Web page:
things. 'My' LITERARY DIGEST! She seemed to take
for granted that we have THE DIGEST. I was ashamed
to tell her we haven't. Everybody seems to have it except
us." Of course, I couldn't admit such a thing. At the same
time, I couldn't deny having seen THE LITERARY DIGEST
in most of the nice homes we had visited.
Election day I started early from the house to vote. My
neighbor was getting out his new car. It was a beauty. "I
thought you couldn't decide which make to get," I remarked.
"How did you settle the matter?"
"Why, yes, it did seem like a deadlock,
between my wife and me, but the ad
vertisement of this car in last week's l .
LITERARY DIGEST was so convincing, - -we
agreed, as scon as we read it, that
this was our choice. It's getting to be
rather a habit with us, . you know.
to find answers to things in THE
DIGEST." The matter-of-course tone in which he spoke, made
me wonder what he would say if he knew I didn't read
THE LITERARY DIGEST. '
Last Sunday morning the dominie mentioned s a request
made by some church member that the pastor would "not
preach about disarmament, as the subject had been worn thread
bare." Then he began to ask questions and tell facts that showed
a wider sweep of the subject than his hearers had ever dreamed
of. I declare, if he quoted THE LITERARY DIGEST once, he
must have quoted it half a dozen times.
Is the answer to everything in THE LITERARY DIGEST !
This was getting on my nerves. The next morning at the
office I noticed THE DIGEST on my partner's desk with his
personal mail. In the most casual manner I asked him to let
me take a look at it. I didn't mean to start anything!
"Do you mean to say you don't read THE LITERARY
DIGEST!" he exclaimed.
" Why, is there anything surprizing about that ? I don't
pretend to read every magazine that's published," I said,
FUNK & WAGNALLS COMPANY
(Publishers of the Famous NEW Standard Dictionary)
I Distinction to
I Be a Reader of I
He came back at me strong. "That's just it; you "try to
read too many magazines, and too many newspapers? no doubt.
You might better spend less time with
some of them rather than miss reading
THE LITERARY DIGEST. You
simply can't get on, nor hold your own . K
anywhere without it. I know I couldn't. Tk
It's the onlv magazine in the eountrv that irT"
r- j , j - -b j tit ft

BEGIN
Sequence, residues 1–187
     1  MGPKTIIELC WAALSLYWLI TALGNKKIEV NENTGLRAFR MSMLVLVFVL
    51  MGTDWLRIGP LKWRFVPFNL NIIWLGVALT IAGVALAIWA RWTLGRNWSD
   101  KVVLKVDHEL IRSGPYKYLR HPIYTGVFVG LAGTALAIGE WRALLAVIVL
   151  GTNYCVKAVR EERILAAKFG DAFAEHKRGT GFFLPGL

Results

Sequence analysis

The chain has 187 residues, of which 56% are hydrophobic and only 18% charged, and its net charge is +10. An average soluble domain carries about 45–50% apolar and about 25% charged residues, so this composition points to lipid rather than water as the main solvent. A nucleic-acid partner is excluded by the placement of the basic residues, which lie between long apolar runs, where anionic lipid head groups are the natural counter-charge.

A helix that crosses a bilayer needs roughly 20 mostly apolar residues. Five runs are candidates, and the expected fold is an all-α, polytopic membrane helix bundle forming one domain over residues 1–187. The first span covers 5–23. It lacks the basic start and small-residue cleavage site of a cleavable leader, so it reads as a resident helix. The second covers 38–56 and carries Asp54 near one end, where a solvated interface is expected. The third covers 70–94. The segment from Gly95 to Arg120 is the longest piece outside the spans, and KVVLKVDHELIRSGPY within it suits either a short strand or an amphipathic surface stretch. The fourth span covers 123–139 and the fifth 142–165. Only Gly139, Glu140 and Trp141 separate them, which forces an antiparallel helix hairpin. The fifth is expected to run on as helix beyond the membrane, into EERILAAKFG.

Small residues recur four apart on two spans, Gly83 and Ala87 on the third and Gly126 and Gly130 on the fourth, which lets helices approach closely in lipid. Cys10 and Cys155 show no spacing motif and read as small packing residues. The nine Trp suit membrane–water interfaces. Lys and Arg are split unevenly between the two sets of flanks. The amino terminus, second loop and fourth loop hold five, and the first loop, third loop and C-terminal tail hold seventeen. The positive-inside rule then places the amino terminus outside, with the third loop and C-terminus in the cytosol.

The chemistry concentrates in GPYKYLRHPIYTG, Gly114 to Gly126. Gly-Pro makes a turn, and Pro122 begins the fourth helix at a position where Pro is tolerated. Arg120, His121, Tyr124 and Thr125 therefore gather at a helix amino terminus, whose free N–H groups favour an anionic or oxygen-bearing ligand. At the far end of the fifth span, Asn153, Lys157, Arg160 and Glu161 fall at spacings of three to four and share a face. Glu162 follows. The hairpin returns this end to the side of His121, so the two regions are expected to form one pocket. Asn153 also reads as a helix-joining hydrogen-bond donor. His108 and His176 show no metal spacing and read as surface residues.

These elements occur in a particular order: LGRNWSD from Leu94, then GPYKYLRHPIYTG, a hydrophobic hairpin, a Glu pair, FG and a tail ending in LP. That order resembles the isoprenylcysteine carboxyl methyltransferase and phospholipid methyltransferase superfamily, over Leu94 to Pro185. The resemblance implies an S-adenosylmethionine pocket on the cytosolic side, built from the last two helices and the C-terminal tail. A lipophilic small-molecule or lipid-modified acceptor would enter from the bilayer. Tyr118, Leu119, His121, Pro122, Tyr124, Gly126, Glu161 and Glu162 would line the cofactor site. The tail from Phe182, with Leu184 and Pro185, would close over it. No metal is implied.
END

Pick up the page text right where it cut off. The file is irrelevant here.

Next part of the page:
informed. I mean, free from all editorial " v! -'V
bias, on the big live matters of disarmament, and business, and
every other vital topic Surely I look it over and see for yourself."
I retired to my own office and sat down, face to face with
the magazine that had been challenging me everywhere I went ,
during the past month. An hour was gone before I knew it.
I was surprized, startled, thrilled. The world seemed bigger to
me, and closer. Things that had puzzled me became clearer.
My mind seemed to be opening. I had
thought of THE LITERARY DIGEST
simply as one "of a multitude of mag
azines which did not concern me. Here
it was, now, revealed as THE ONE
which I had been really needing . all
this time. I certainly had been missing
a good thing.
Well, I hurriedly sent off my check
for the $4.00 which would bring THE
LITERARY DIGEST to my home for a whole year." Thank
goodness, that's done! Of course, the" joke is on me. It was
my own fault I might have enjoyed THE DIGEST long ago.
Now, as an act of neighborliness, I'm making this confession;
and I'm telling you, also, you who haven't been reading THE
DIGEST, if you now sign and mail an order for it, as I did
(when I woke up), you can call it a good day's work.
HERE ARE TWO .WAYS TO GET THE LITERARY DIGEST;
1. Buy it from the nearest news-dealer for a dime each week.
2. Send this order, with $4.00, and receive the magazine at your
home or office every Saturday for a year.
FUNK & WAGNALLS COMPANY, Dept. 2.
354-360 Fourth Avenue,. New York, N. Y.
Please send me THE LITERARY DIGEST for a year,
beginning at once. I enclose $4.00.
STREET AND NUMBER